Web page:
The dangers of search personalisation

Search is getting more personal. Google in particular is striving to make the search experience as customised to each individual as possible. If Google knows I live in the south of England then it assumes I am more interested in results from websites with a connection to this part of the world than to the north of Scotland. If I am looking for somewhere to eat tonight, then yes, it’s very helpful. If I am looking for a major capital project for my business, then no I want best fit for my needs.

As someone working in SEO, I have of course been familiar with the increasig personalisation of search for sometime. Good or bad for the searcher, it certainly causes issues when talking to clients and trying to explain that different people looking on different machines may see different results.

But it was not until I read a book recently by Eli Pariser called ‘The Filter Bubble’ that I really appreciated the full impact of personalisation. The internet has been heralded as opening up information in way no other medium has managed to achieve and for that we must all be grateful. Personalisation though is having the effect of funnelling what we see by delivering what the search engines knows, or thinks it knows, we are interested in. I thoroughly recommend reading Eli’s book for an in depth analysis, in my view he in danger of becoming a little too concerned and even borders on paranoia as the book progresses but he makes some very interesting points that we need to think about.

We all know that everything can be, and therefore is being, measured on the internet. It is also reasonable to accept that all this information is, or certainly could be, available to anyone willing to pay for it. So it not unreasonable to assume that anyone who wants information badly enough has access to it – and this is perfectly possible.

So here are a few scenarios that Eli highlights in his book and which made a particular impact on me.

Personalisation and social media

Scenario 1 surrounds social media. Let’s say I come from a fairly poor neighbourhood and have lots of friends with dubious credit histories. I on the other hand, have ‘made good’ without leaving my roots behind completely and have an excellent credit history. Is it unlikely that financial institutions are going to ignore the company keep and not take it into account when assessing me for a loan?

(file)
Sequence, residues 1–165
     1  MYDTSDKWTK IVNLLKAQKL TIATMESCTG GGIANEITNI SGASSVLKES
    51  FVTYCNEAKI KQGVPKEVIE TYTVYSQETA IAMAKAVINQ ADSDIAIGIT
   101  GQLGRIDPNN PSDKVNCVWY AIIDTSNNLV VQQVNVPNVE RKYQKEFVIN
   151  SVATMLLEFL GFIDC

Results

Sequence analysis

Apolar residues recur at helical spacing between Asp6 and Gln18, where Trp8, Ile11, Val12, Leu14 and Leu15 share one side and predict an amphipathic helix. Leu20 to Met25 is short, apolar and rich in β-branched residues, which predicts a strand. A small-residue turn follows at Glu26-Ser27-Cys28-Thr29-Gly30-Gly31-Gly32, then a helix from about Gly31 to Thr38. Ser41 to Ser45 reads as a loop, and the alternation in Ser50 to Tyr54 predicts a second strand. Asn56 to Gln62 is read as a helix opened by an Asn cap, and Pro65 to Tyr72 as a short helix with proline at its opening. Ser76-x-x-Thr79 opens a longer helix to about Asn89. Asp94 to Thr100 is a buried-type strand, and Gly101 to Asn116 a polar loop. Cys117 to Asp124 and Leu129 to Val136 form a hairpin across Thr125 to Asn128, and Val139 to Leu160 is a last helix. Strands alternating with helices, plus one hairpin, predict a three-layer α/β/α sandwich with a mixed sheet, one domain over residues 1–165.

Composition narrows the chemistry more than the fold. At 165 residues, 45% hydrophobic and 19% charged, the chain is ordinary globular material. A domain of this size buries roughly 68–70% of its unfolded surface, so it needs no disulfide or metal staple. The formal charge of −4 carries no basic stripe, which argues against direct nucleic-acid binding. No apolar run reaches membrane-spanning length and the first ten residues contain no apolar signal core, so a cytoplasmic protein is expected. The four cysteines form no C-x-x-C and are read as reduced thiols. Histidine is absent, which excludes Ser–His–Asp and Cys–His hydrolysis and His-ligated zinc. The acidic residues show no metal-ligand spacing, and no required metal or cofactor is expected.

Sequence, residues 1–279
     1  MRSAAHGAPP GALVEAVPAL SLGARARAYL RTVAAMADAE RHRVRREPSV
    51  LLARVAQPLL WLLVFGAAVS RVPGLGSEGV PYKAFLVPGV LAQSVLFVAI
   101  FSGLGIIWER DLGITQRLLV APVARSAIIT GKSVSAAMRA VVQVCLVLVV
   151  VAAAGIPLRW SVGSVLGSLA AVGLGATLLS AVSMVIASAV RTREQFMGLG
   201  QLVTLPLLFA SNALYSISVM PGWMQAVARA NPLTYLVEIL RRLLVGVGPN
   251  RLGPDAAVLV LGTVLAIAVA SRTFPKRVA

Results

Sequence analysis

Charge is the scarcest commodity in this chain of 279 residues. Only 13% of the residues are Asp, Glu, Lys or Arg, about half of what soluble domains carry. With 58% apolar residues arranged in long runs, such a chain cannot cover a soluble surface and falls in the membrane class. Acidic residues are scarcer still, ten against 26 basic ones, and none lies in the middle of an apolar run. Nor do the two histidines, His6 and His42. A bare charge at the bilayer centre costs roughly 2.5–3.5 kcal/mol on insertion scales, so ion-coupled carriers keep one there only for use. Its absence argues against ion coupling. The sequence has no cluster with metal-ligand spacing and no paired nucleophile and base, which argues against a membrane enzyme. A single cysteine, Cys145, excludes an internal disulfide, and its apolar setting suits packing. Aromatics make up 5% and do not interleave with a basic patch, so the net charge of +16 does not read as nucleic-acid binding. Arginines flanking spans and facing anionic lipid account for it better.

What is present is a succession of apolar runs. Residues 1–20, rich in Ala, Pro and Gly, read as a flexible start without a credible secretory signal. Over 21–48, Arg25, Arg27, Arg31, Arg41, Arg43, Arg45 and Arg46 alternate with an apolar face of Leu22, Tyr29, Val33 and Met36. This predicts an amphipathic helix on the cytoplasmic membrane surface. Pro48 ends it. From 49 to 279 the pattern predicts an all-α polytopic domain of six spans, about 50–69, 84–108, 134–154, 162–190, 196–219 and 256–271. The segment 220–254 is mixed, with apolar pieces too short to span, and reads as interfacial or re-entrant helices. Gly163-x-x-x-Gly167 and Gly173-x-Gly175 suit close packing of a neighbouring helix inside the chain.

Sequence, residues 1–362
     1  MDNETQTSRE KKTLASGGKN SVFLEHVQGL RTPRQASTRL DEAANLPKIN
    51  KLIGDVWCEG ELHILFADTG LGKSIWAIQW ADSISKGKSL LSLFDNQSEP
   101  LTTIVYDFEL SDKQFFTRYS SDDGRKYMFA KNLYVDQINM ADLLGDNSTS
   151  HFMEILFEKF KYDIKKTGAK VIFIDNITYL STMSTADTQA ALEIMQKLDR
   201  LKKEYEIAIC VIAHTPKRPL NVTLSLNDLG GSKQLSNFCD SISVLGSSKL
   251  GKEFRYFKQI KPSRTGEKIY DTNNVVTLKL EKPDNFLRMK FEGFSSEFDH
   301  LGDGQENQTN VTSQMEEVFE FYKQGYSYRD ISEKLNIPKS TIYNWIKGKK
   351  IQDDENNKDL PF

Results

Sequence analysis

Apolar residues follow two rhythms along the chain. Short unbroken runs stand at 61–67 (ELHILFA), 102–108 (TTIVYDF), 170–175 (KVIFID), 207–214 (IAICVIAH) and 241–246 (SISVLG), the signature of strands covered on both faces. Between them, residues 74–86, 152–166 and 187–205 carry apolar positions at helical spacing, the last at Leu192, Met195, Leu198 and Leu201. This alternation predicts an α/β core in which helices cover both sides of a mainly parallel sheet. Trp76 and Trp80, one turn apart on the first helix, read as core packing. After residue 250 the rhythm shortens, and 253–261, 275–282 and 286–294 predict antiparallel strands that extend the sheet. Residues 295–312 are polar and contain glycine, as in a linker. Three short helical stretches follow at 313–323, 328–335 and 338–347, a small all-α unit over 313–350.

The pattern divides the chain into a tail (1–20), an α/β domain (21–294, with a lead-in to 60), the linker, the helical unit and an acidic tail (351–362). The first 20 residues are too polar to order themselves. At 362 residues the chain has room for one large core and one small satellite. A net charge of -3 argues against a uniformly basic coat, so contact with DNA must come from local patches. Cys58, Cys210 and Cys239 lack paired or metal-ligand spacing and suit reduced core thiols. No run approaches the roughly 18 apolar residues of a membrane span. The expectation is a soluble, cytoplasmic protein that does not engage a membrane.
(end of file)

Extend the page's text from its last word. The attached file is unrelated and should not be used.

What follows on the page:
Personalisation and social mobility

Scenario 2 is about how difficult it might be for someone to make good from humble beginnings. Let’s say from my less than privileged background I go to a modest University though I am very bright. Recruiters looking to fill the most prestigious jobs are most likely to target Russell group candidates or Ivy League ones in the US. This has always been the case but it is so much easier now to target them on social media. If I do not see an advert for that great job, there is no way I am going to get it. My application never gets submitted.

Personalisation and news censorship

Scenario 3 has perhaps the most serious implications for society as a whole. Increasingly people get their news from the internet. If I go an buy a paper, then I may dive straight for the back pages to read the sports news but I am probably at least aware of the front page headlines about phone hacking or the banking crisis. The internet on the other hand feeds me news based on what I interact with. So if I never show any interest in the banking crisis, gradually less and less news about it is put in front on me and gradually I become totally unaware of its existence.

Perhaps the biggest danger with personalisation is that it is insidious. As an SEO I am aware of it and can, if I choose take some steps to mitigate its effects. But most people are totally unaware that in effect their information is being censored. And that is dangerous. In fact, if I could argue that personalisation is the start of the end of the information age and threatens our very democracy. But that would be getting paranoid – wouldn’t it?  Perhaps it does just enhance the search results.

Update-24 Aug

Eli Pariser uploaded a video about his filter bubble idea a while back – explains the concept very well.

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